Academic journal article Journal of Economics and Finance

An Empirical Investigation of Going Private Decisions of U.S. Firms

Academic journal article Journal of Economics and Finance

An Empirical Investigation of Going Private Decisions of U.S. Firms

Article excerpt

Abstract

According to many managers, the Sarbanes-Oxley Act of 2002 caused the costs of being public to increase. Subsequently, following the Act, many firms went private rather than incur the costs. We investigate the differences in the financial characteristics of firms that went private between 1998 and 2003 and a control sample of firms which went public and did not go private Our results indicate that there are differences in the two groups, as well as differences in firms that went private prior to and following Sarbanes-Oxley. Taken together, our results are indicative of going private to avoid the higher costs of being public post Sarbanes- Oxley.

(JEL: G 18, G34)

Introduction

Although there were some going private transactions during the 1970s (DeAngelo et al., 1984), going private transactions first became popular during the 1980s. The focus at that time was on the use of going private as a form of corporate governance as well as a type of financing (Lehn and Poulsen, 1989), whether it be through a leveraged buyout or through an employee stock purchase. While these going private decisions were met with positive market responses, new tax legislation in 1986 reduced both the numbers and the profitability of these transactions (Newbould et al., 1992).

More recently, going private transactions have again come to the forefront, but this time the focus is on the cost/benefit tradeoffs of being a publicly traded firm compared to a privately held firm. Some firms have decided that meeting quarterly earnings expectations have limited their ability to expand at the same time that being public did not provide expected liquidity (Grant, 2005). Several banks that went public during the 1990s have also decided to go private by reducing the number of shareholders to less than 300, citing the increased costs of being public (Sisk, 2005).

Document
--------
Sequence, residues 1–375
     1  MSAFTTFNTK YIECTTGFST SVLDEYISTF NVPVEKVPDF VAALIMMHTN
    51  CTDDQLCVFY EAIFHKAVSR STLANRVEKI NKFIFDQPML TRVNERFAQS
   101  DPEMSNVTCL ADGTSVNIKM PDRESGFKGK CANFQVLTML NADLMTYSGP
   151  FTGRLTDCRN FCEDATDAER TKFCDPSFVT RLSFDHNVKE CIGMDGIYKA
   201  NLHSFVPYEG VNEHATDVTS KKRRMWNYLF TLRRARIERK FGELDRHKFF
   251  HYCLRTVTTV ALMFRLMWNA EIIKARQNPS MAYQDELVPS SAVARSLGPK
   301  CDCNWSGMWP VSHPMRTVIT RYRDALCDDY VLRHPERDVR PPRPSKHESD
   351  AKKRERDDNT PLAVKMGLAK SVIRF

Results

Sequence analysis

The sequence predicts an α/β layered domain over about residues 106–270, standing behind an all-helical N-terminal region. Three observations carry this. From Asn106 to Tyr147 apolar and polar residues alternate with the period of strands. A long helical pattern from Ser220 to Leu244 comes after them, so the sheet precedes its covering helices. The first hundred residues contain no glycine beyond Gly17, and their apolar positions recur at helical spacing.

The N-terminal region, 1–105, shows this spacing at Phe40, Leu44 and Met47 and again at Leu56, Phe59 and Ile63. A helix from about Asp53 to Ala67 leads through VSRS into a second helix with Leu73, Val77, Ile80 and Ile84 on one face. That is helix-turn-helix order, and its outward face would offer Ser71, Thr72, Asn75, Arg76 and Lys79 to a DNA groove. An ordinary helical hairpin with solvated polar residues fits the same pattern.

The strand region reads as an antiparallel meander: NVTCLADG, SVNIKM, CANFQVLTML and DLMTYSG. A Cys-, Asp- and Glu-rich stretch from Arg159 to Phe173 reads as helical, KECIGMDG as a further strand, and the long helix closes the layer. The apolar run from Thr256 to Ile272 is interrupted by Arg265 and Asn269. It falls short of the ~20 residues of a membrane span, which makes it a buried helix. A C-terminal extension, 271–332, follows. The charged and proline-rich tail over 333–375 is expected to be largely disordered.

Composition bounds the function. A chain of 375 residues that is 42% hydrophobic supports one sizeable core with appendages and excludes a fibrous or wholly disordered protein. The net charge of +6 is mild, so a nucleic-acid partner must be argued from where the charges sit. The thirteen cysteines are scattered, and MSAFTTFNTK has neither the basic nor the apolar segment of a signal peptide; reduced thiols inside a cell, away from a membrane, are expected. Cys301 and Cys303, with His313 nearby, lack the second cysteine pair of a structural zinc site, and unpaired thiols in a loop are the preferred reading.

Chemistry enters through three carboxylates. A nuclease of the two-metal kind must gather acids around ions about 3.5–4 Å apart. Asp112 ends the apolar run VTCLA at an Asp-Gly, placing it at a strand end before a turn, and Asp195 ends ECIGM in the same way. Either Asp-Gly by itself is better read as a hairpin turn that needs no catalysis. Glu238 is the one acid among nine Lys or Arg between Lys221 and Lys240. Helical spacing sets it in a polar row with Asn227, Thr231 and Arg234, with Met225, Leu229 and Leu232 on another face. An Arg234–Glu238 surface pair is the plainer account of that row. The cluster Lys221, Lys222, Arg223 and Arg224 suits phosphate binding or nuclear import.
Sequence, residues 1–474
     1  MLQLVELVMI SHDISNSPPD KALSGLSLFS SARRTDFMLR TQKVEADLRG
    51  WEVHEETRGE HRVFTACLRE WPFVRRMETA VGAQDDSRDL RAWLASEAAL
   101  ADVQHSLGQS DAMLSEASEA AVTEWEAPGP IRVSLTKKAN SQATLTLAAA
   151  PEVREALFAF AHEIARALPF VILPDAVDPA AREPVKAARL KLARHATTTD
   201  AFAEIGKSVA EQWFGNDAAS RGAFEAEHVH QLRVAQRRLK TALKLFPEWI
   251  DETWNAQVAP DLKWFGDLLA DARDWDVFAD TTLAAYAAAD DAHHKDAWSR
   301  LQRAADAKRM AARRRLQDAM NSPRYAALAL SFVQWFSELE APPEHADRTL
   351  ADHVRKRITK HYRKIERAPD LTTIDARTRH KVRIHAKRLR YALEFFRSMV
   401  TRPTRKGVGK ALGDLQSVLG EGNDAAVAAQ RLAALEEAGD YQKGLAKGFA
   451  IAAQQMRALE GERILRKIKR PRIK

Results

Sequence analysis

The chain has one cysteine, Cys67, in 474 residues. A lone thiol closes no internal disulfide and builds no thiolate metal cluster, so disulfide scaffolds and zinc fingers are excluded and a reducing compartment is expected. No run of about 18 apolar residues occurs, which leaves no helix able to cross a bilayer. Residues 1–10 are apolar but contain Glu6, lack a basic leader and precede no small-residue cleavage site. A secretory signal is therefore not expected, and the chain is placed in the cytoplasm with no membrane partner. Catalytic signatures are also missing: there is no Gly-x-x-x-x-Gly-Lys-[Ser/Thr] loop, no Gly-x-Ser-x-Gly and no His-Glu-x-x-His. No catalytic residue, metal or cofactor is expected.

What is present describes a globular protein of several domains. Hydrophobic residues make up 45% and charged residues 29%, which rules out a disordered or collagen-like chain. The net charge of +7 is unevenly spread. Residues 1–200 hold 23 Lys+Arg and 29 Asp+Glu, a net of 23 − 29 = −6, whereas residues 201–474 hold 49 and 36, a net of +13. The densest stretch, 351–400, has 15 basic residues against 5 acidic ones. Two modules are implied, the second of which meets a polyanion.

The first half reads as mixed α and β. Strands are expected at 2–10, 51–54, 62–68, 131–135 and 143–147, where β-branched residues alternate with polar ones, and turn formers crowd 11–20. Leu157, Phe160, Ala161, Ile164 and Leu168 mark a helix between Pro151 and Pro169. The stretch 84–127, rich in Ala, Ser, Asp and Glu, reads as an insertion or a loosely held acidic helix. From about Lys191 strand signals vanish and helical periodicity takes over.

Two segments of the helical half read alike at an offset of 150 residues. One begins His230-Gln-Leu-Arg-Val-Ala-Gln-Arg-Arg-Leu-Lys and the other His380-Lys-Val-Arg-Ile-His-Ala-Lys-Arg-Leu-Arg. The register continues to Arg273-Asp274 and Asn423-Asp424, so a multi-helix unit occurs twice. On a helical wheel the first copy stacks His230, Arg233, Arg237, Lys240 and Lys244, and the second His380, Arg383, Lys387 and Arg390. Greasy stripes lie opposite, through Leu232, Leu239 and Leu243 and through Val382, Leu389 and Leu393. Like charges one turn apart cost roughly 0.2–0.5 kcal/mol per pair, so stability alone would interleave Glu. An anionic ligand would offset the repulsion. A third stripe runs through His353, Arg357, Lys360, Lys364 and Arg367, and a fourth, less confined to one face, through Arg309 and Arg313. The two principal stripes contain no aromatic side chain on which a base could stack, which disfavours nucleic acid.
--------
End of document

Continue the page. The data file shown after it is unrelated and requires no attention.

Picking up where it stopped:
Since previous studies have found significant positive abnormal returns when firms first announce that they are going private (Lehn and Poulsen, 1989), investors should profit if they can ascertain in advance the characteristics of firms that may choose to go private. This study makes two major contributions. First, we use discriminant analysis to determine the characteristics of firms going private compared to a matched sample of firms that went public at the same time, but which did not go private. . We find that there are significant differences in the financial characteristics of firms that choose to go private versus firms that choose to remain public.

Additionally, since the recently passed Sarbanes-Oxley law places additional costs on publicly held firms, we also test to see if the characteristics of firms going private have changed post Sarbanes-Oxley. Again, using discriminant analysis we find significant differences between firms that went private before the passage versus firms that go private following the new law.

A review of the literature ending with our two formal hypotheses is next. Section III is the Methodology and IV is the Sample and Independent Variables. Tests and Results are in Section V and the Conclusion is in Section VI.

Literature

DeAngelo et al. (1984) examine going private restructuring for the time period 1973-1980. They divide their sample into transactions where management seeks total equity ownership of the corporation and leveraged buyouts. While both will reduce the costs of being public, leverage buyouts also provide additional benefits of stronger monitoring by debt holders. They find that the stock price went up an average of 22% for the two day announcement window with the pure going privates having a 25% abnormal return and leveraged buyouts having only a 17% abnormal return. Slovin et al. (1991) find that industry rivals also benefit when firms make going private announcements. These rivals experience a statistically significant increase of 1.32% over the two day window. Thus, being able to identify potential going private firms should result in significant returns. …

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